Lord Milverton: My Lords, it gives me great pleasure to rise to support the Bill that the noble Lord, Lord Walton, has introduced. It is rather frightening to follow three learned medical men. However, I hope that my few words will give not only my support but, because I am a priest, the support of a number of Church members.

I believe that the Bill is vital. I am sure that with the assistance of noble Lords who are present it can be improved and strengthened and many of the weaknesses removed. The Bill is essential for the sake of doctors and nurses.

There is a need to close the loopholes and prevent the leaks which occur, as the medical Peers said, whereby confidential material is leaked and misused. There is a need for a comprehensive measure to make the safety of this confidential material more certain in order that the confidence between doctors and patients and nurses and patients may be held in even greater security.

As has been said, the advances in scientific technology, the increase in data material which is available and digital scientific advances result in the possibility of this confidential material going far beyond the medical field. Therefore, one cannot emphasise too much that it is essential for the sake of doctors and nurses, who can be placed in very difficult situations.

We are very grateful to the noble Lord, Lord Kilpatrick, for his maiden speech. I appreciate the contribution of the noble Lord, Lord Winston. I remember that he kindly entertained me and informed me about embryology and in vitro fertilisation.

I hope that my noble friend the Minister will take the Bill on board so that we can do whatever is needed to improve it in order to secure the confidentiality of material so that patients, doctors and nurses may feel more secure about that than they do now. Others who have access to such material must realise that if they misbehave they will have to face the consequences. The media must also realise that they, too, will have to face the consequences. There are times when we must stand up to the media. We need to support the medical profession in that way. Therefore, I am very pleased that the noble Lord, Lord Walton, has brought this measure forward. One hopes that it will be a great advance with regard to confidential material.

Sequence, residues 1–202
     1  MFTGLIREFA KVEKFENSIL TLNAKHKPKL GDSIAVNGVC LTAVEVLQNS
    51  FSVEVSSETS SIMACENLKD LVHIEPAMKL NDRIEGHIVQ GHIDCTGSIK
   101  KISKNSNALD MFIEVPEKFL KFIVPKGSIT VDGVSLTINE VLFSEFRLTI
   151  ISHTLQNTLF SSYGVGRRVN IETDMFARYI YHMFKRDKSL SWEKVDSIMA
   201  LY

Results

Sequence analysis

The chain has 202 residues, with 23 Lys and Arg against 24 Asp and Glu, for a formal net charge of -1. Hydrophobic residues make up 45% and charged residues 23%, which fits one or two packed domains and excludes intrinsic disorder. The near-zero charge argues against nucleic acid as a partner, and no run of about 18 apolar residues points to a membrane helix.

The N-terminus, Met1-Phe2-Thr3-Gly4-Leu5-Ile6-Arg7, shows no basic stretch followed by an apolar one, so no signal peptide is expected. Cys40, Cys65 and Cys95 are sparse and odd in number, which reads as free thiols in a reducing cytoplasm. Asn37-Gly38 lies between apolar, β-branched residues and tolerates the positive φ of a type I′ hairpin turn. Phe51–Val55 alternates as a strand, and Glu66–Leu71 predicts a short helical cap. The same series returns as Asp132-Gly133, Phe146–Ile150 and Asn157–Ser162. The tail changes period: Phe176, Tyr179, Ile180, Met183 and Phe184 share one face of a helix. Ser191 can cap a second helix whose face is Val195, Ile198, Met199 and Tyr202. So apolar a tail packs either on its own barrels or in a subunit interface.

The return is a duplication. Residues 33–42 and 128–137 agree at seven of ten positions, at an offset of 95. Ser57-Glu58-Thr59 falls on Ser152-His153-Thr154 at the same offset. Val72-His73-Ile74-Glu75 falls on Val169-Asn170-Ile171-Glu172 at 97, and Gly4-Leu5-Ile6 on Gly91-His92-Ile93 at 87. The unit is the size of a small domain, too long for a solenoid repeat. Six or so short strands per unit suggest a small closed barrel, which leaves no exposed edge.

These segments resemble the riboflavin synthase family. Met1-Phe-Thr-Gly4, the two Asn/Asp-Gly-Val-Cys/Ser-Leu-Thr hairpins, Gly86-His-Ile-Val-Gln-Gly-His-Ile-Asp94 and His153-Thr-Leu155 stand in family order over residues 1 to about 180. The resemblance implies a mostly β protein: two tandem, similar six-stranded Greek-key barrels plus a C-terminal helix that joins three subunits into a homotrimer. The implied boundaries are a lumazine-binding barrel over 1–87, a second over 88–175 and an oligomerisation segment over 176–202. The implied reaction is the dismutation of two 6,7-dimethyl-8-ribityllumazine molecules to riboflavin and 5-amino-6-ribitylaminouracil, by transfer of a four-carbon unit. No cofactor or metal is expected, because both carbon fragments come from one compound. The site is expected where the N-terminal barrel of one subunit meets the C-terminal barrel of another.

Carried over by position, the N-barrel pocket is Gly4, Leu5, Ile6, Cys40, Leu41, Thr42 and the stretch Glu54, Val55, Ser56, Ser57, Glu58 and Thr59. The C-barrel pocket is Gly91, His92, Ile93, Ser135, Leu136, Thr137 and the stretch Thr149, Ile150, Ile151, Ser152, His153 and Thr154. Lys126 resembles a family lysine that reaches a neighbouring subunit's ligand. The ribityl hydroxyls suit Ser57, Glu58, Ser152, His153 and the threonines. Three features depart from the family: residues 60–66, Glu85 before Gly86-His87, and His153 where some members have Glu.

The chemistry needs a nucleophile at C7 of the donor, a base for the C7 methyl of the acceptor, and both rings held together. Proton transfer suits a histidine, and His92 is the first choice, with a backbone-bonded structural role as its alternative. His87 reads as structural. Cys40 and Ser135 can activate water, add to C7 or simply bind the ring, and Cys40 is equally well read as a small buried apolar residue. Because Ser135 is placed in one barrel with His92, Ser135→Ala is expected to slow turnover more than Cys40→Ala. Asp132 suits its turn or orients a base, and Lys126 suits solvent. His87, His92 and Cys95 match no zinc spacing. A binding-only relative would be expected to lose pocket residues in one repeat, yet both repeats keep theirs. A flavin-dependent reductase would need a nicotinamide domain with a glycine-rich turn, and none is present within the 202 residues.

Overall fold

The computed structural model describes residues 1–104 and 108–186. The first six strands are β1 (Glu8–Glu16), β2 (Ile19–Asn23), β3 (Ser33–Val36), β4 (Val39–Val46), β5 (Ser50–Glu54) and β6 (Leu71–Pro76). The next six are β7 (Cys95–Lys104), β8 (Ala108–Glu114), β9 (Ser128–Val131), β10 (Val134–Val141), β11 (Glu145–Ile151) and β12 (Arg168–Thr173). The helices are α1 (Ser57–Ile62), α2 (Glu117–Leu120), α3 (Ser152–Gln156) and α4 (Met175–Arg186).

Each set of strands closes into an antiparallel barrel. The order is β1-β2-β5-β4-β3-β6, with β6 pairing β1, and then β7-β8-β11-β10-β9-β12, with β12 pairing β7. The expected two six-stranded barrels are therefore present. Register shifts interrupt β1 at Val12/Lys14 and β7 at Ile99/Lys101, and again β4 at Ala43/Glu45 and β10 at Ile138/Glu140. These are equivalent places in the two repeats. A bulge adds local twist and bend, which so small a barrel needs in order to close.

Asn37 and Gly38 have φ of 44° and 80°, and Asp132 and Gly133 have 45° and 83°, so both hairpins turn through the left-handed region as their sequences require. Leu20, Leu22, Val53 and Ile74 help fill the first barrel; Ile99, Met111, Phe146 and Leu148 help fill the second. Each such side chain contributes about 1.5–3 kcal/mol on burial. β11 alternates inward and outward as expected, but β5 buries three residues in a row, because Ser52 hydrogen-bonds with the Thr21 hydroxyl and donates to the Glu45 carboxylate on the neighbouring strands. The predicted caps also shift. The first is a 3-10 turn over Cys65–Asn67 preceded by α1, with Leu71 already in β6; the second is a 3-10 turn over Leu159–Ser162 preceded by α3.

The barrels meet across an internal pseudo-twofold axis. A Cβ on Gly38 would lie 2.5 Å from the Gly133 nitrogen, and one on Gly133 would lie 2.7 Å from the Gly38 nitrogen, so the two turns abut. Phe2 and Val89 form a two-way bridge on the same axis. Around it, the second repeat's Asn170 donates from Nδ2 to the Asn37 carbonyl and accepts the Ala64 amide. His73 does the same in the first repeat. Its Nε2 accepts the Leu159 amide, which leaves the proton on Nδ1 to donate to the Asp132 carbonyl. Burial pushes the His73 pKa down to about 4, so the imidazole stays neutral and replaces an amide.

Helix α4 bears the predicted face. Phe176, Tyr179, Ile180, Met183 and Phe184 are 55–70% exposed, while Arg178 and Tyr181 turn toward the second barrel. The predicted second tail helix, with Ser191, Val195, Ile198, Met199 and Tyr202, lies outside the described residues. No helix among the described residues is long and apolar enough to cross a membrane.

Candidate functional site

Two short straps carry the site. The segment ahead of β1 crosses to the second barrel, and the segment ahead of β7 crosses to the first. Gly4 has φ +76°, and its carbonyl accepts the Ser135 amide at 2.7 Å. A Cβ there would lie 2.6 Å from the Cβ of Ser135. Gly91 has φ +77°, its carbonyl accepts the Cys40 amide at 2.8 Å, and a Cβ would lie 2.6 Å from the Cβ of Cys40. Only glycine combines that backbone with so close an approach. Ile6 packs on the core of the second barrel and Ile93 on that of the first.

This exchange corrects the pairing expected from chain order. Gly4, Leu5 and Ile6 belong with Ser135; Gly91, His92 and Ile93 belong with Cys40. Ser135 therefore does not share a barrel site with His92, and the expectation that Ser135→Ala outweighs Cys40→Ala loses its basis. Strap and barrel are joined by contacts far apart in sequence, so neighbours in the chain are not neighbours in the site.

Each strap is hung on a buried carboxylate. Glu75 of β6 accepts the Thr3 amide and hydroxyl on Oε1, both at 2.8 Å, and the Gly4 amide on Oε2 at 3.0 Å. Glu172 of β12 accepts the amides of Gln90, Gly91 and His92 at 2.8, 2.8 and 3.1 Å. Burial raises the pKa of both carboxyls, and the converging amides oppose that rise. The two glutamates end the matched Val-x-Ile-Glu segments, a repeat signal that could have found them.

8.31 p.m.

Earl Attlee: My Lords, I rise briefly to support the Bill, the purpose of which has been so well described by the noble Lord, Lord Walton of Detchant. The need for the Bill could not have been better explained than by the noble Lord, Lord Winston, who told us of the activities of the media.

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Before saying anything of substance, I, too, should like to pay tribute to the maiden speech of the noble Lord, Lord Kilpatrick of Kincraig. He has so well explained the need for confidentiality and the dilemmas facing the professional when deciding whether or not to disclose. But it is the professionals who have to make disclosure decisions and not the lay people. On the question of patient notes, I can never read my prescription, let alone any notes by the doctor. I am also very envious of any noble Lord who can speak lucidly with limited use, or even no use, of notes.

My support derives from the simple fact that I am astonished that there is a need for the Bill in the first place. I have no detailed knowledge of medical matters; I am merely an infrequent patient. I was always confident that medical information about myself was very hard to come by. That is due to the medical profession's ethos of confidentiality. I am sure that it is right that lay medical staff should be quite sure that they will be breaking the law by making any unauthorised disclosure.

However, anyone who dishonestly gains access to my records will be somewhat disappointed. The most titillating event to date would be the full oblation of my left large toenail in 1975 to cure an ingrowing toenail. But later there could be a much more--shall we say?--interesting event, and I should like that to be protected.

There may be some concern on the part of the insurance industry in that their ability to acquire information may be limited by the Bill. However, it is hard to justify the acquisition of medical information by dishonest means. I feel that an insurer should obtain full and voluntary access to the proposer's medical records at the time of the proposal. If that is not forthcoming, the insurer should draw the appropriate conclusions.